New: Annual Labor Issue

May/June 2020 cover

Our May/June issue, which is our Annual Labor Issue, is finally at the printers. We just posted Nicole Aschoff’s feature on app workers in the pandemic.  Here is the p. 2 edtiors’ note:

Or Does It Explode?

People from across the political spectrum understand why people riot. Langston Hughes knew that a dream deferred might dry up, fester, or sag—or it might explode. Martin Luther King, Jr. spoke of riots as “the language of the unheard.” Even former Defense Secretary Donald Rumsfeld was capable of understanding that looting after the 2003 U.S. invasion of Iraq was the result of pent-up anger: “While no one condones looting, on the other hand, one can understand the pent-up feelings that may result from decades of repression and people who have had members of their family killed by that regime, for them to be taking their feelings out on that regime.”

But make no mistake: What we have seen in cities across the United States in the wake of the murder of George Floyd by Minneapolis police officers are multiracial, multigenerational protests against this most recent and many other killings of unarmed Black people—protests that night after night are turned into riots—police riots, in particular.
A “police riot”—the term was popularized by the Walker Report on the violent clashes at the 1968 Democratic National Convention—is one that is instigated by the police or their agents provocateurs, who escalate violent confrontation with civilians. This is exactly what we have been seeing in cities across the country today.

And the looting that has occurred? Leave it to the satirical newspaper The Onion to put it in perspective, with the headline “Protestors Criticized for Looting Businesses Without Forming Private Equity Firm First.” The cartoon by Barry Deutsch in our March/April issue depicted a private equity firm as a vampire, sucking blood out of a company it takes over, claiming he’s forcing it to “innovate and learn to do more with less blood!” By the cartoon’s last frame, the vampire’s victim is dead.This could be a metaphor for the economic underpinning that surely has contributed to the fervor of these protests. Decades of financialized neoliberalism, with its austerity, wage stagnation, and job insecurity, have left working-class Americans—and especially working-class Black people—in desperate straits.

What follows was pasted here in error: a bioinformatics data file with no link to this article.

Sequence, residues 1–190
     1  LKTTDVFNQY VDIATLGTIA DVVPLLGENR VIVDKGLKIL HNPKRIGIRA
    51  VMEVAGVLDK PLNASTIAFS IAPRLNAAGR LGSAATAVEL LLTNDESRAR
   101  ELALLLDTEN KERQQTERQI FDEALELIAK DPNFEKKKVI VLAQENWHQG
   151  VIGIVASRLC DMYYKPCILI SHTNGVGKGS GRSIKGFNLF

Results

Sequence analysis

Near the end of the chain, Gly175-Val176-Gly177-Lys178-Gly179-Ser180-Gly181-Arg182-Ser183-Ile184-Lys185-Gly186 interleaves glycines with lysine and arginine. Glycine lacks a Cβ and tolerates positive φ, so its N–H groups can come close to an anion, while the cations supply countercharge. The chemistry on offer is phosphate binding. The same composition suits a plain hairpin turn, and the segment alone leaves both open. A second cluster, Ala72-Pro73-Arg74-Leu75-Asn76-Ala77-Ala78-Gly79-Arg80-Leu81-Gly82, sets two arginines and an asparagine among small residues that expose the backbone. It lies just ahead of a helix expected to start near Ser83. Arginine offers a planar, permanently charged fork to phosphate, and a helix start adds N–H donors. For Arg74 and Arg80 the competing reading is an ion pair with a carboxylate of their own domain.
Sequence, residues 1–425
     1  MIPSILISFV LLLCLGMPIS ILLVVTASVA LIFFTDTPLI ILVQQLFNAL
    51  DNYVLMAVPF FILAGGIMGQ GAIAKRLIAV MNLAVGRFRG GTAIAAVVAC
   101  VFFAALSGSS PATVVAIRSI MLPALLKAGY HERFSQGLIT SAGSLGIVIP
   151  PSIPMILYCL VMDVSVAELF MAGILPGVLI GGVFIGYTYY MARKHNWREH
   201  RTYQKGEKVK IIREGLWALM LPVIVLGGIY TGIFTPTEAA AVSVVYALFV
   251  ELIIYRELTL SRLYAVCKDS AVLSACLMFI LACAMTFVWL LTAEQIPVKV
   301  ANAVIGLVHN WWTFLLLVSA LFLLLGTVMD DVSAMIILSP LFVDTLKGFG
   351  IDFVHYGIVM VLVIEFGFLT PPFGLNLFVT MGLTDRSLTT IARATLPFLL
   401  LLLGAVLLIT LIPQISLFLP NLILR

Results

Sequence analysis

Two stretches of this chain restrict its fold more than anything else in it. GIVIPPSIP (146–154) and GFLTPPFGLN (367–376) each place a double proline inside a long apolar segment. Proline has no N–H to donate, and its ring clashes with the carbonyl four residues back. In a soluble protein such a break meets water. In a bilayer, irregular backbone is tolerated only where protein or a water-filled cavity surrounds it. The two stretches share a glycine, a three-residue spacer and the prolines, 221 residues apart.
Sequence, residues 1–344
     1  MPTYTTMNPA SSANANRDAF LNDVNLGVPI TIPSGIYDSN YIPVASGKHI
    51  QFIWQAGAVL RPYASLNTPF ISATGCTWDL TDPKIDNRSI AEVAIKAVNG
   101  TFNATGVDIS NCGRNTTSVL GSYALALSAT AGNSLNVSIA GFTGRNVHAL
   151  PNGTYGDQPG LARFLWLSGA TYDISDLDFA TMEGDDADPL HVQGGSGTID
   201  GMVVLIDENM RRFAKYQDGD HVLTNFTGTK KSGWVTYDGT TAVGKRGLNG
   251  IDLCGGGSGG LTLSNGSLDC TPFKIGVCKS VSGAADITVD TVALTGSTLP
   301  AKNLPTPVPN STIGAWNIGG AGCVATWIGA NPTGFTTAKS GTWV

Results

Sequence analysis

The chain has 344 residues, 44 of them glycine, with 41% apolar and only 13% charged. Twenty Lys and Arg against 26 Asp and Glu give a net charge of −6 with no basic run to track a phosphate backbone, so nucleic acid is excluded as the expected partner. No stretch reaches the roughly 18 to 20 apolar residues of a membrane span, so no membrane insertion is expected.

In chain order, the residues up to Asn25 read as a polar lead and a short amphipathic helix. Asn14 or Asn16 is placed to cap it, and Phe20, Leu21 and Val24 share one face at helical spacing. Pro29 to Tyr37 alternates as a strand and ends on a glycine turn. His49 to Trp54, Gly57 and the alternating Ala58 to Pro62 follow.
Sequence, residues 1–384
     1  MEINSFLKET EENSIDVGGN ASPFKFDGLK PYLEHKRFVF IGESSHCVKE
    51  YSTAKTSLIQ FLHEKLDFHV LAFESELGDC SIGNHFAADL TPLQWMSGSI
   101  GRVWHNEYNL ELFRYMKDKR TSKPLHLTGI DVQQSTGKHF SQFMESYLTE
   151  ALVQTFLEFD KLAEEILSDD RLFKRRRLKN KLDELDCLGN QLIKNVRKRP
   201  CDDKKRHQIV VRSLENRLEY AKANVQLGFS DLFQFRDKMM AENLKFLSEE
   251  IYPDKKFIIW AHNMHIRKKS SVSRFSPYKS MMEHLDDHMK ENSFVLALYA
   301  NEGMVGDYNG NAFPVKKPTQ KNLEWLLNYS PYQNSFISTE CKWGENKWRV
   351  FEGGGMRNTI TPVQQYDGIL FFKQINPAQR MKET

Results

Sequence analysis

According to the Federal Reserve, in 2018, at the height of the last economic recovery, nearly 40% of U.S. adults said they would have difficulty covering a $400 emergency. This was before we were hit with a pandemic whose impacts, as Alejandro Reuss explains in Part 1 of a joint series with Labor Notes, “lay bare grave failings of economic policy and institutions—indeed, of the capitalist system itself.” The seriousness of the pandemic’s impacts on the U.S. working class—and disproportionately on Black people—arise from unequal access to health care, employers’ power over workers, and the scourge of unemployment, with nearly over 40 million people having lost their jobs since the beginning of the crisis. It speaks volumes about the priorities of our ruling elites that our militarized police and the National Guard have all the equipment they need and yet we are left unequipped to deal with either the pandemic or the economic crisis.

In this, our Annual Labor Issue, Pavlina Tcherneva’s cover story presents an alternative to the mass unemployment that experts tell us is guaranteed after a shock and the resulting severe recession: guaranteed employment, with the government backstopping payroll as the “employer of last resort” and providing a Job Guarantee. Nicole Aschoff surveys the situation of app-based tech workers in the midst of the pandemic. Yeva Nersisyan and L. Randy Wray argue that the response to the pandemic shows why we need to move beyond “pay-for politics”; the task is to find and deploy the resources our economy has to meet our real needs (hint: health care and jobs are more important than militarized police). And Esra Uğurlu and Gerald Epstein depict the Fed’s response to the crisis so far as being much like Uncle Sam’s in this issue’s cartoon: bailouts for Wall Street and rugged capitalism for the rest of us. Also in this issue: Jayati Ghosh on “Neoliberalism as Neocolonialism,” Arthur MacEwan on unsustainable growth, and more.

The economic system our ruling elites have constructed may have sucked the U.S. working class dry like that vampire, but we know the working class is not dead, because people of all races are in the streets looking for a brighter day. Despite all the dark clouds, this truly is a silver lining.

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